Aaaagh! I had to review Everyone’s Hero this weekend and was rather looking forward to it. Well, let’s just say it wasn’t an optimum experience for me. The plot was mediocre and allowed for great shredding of any kind of logic. Kids who love baseball may find it fun, though I didn’t hear any laughing while I was there. For me it was a form of torture. At a certain point in the film I was ready to scream “NOOOO!!!!” I didn’t, but it was hard to maintain my silence.
The way this movie plays fast and loose with history just drove me crazy. First of all, I do have to mention fashion. It is the 1930s. All the women in this animated film look like they sprang from the early 1960s, but with longer skirts. I don’t remember flipped up hairdos as the style. Also, do we hear any of the music from the period? No.
I did enjoy the fact that we got to see some Negro League players in action. That allows for a nice touch. I needed something nice to help me handle the illogic and inaccuracy of the Yankees and Cubs history.
Did you know that Babe Ruth only hit so well because of his magic bat, Darlin’? You didn’t? Well, in this movie that’s the case. Ugh.
I began to have problems with the baseball plot developments when the owner of the Cubs and one of the cheating pitchers, Lefty, on the team plot to steal Babe’s bat. The Cubs as bad guys? What the hell? Plus, who is this Cubs owner, this Mr. Robinson? Where’s the Wrigleys? Remember, Wrigley Field (that the animators gave light stands way before the Cubs played night games)? Yes, I checked. The Wrigleys owned the Cubs throughout a good chunk of the 20th century before the Tribune syndicate bought it.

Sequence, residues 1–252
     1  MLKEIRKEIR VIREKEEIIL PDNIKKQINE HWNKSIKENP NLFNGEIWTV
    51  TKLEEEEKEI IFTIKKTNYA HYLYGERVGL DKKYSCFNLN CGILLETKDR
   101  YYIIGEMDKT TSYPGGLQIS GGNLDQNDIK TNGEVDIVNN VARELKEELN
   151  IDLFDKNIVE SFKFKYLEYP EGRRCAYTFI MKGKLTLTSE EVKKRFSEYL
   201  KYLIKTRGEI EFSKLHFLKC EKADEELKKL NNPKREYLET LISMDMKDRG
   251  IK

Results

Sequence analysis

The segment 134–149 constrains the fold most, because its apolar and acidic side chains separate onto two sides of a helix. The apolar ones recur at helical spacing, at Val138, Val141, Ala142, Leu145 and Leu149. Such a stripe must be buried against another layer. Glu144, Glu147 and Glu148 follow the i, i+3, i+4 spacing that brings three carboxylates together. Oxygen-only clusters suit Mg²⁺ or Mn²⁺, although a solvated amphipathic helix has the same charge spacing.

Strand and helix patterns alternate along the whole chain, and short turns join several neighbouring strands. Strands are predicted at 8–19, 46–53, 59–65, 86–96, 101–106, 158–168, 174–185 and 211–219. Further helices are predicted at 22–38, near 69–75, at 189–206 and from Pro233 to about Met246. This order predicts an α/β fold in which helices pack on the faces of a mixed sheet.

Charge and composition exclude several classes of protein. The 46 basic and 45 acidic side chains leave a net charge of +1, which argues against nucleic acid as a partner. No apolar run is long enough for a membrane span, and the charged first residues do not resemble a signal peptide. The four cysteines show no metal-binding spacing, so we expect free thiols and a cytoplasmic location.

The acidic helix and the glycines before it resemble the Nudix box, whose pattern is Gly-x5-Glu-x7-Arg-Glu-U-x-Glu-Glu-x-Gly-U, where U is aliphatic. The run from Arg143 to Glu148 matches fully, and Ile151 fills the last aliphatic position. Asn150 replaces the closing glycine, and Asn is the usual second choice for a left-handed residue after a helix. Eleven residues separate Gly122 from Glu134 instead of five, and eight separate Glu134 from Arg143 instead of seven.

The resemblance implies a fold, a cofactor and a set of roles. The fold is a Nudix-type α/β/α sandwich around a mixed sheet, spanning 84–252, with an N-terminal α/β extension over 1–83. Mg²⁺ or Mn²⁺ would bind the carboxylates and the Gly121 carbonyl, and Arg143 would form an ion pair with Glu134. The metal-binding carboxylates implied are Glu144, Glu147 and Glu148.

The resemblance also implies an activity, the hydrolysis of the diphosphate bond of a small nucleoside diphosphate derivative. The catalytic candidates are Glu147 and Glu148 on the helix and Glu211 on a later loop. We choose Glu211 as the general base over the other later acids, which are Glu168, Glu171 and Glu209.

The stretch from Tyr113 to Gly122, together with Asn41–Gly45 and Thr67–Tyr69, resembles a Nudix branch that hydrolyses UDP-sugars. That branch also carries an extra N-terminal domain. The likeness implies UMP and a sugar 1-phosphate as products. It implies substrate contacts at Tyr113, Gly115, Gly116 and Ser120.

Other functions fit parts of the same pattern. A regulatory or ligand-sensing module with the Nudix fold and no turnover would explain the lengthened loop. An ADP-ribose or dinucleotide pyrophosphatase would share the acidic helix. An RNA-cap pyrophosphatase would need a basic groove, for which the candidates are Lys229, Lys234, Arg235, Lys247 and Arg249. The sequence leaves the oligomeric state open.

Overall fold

It’s Depression-era America and the Yankees are playing the Cubs in the World Series. Yes, this did happen in 1932. Of course, in Everyone’s Hero this becomes a drawn-out series leading to the dramatic final game. Sigh. Unfortunately for Cubs fans it did not go this way. The Cubs were swept by the Yankees. They also met again in 1938 with the same result.
The movie has Babe Ruth in a slump during this series. Um…let’s just say that was inaccurate. In game 3 Ruth created a moment of baseball lore when he pointed to left field and “called his shot.”
Here comes a spoiler, so don’t read further if you want to discover the big movie moment at the movie and not here.
It’s the last game of the series. The Yankees are behind in the score, they’re demoralized, and Babe has had his last at bat and struck out. Yankee arrives with Darlin’ to save the day, but who will bat? There’s no spark in the Yankees line-up and somebody needs to go out and hit the ball. Well why not let this little boy have his chance. AAAAAAGH! I know it’s a childhood fantasy, but could the movie have given the kid his big moment back on the sandlot? No, here he is at Wrigley Field batting in the final game of the World Series. Must. Not. Gnash. Teeth. The illogic of such an illegal action just drove me batty (no pun intended).
I could have respected the movie for what it was except for that last silly bit. You think Yankees manager Joe McCarthy would even let something like that cross his mind? Much less have a stadium full of Cubs fan cheering for the Yankees’ miracle hit? I’m telling you, it makes me crazy.
So, you might enjoy the movie if you DON’T know anything about baseball. This all could seem very logical to you. Kids who don’t understand team rosters and have never heard of the Cubs can enjoy the game. The rest of us must just wince and do our dangedest to not stand up and scream, “NOOOOO!” in the movie theater.